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The forsythia are marching though Flushing, their bright yellow flags just EVERYWHERE. The magnolias (pink and white both) are a bit past their prime, but the crape myrtle is taking up the slack. Already, the miniature weeping cherries are afloat with blossoms, pink and white. And the Bradford Pears! Huge, fluffy, cottony white blooms with the faintest tinge of yellow green line Northern Boulevard and the side streets. The crocuses are done, but the grape hyacinths, the daffodils (and their allies, the jonquils and the narcissi), have staked out their positions and are Occupying Flushing.

I walk down Bayside Avenue from 150th Street to the northwest corner of Bowne Park, where the weeping willows (so faintly green on Sunday) have turned an almost fluorescent shade. I am drawn to them; they are the color of life, and of Spring itself. I walk over to caress a drapey rope of brand new yellowy-green leaflets, and to greet my friends, the geese, in the pond beneath the trees.

There are empty swings! I knew that if I got here early enough in the day, I’d be able to indulge my inner child. I swing for a bit, next to a 4 year old who is being pushed higher, higher by her mom. I tell them both that you are NEVER too old to go on the swings.

I leave the park by the path that leads through the northeast corner to continue my walk up 29th Avenue. When Frank and I were here on Sunday, we windowshopped an adorable little store that I resolved to visit again. Archives of the Home is just the kind of pretty, eclectic shop you’d find on the side street of a resort town. Its nooks and crannies are filled with lovely objets d’art and antiques, big and little treasures from everywhere. I speak to the owner’s assistant (who has a little shop of her own within the larger shop, Pippy & Lily, Inc., with lovely jewelry and accessories). When I leave, I realize I’ve lost all track of time, and I don’t care. My heart is lifted by the beauty of the day, of the trees and flowers in bloom, of the lovely manmade objects I’ve just spent however much time poring over.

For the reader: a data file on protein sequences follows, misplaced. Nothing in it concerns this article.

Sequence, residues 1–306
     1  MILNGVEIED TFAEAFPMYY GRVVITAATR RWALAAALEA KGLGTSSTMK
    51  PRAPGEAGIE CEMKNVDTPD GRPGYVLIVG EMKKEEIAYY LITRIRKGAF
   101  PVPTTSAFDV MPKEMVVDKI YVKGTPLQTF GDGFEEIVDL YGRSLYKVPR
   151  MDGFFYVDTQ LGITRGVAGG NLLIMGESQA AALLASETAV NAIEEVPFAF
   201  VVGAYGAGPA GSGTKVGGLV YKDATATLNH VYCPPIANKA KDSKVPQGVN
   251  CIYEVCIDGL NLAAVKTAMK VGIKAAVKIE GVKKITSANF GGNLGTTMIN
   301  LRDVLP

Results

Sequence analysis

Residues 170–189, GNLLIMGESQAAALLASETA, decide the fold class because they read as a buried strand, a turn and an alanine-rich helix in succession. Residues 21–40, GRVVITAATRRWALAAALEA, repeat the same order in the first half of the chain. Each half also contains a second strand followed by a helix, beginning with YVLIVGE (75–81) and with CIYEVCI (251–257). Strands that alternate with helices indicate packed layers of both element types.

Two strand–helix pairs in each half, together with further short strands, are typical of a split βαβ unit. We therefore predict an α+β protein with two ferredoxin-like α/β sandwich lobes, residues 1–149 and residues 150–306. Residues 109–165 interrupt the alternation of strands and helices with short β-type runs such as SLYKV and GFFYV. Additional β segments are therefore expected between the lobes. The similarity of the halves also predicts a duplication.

I walk back down 29th Avenue, back through the park, and settle on a bench under the willows. I pull out a tiny notebook I’d put in my purse, take out a pen, and sketch my friends, the geese. I look up and there– in the middle of the pond– is a cormorant, spreading his wings in the sun. I used to see cormorants all the time when I lived in College Point, and would spend my days down by the water. But this far inland? — Never! I sketch him, too.

I sit a bit longer, just enjoying the breezes, then rise to leave. I walk around the pond, see that the resident turtles are piled up on each other (five of them, on top of a jutting-out rock). I guess they are sunning themselves, even if the little guys on the bottom aren’t getting many rays at all.

I walk down 33rd Avenue, up 154th Street, to see my favorite view of Manhattan from the crest of Flushing’s Murray Hill before the leafing-out trees make that view impossible to see. Then, I wind my way home, having found happiness in my own backyard on a lovely Spring day.

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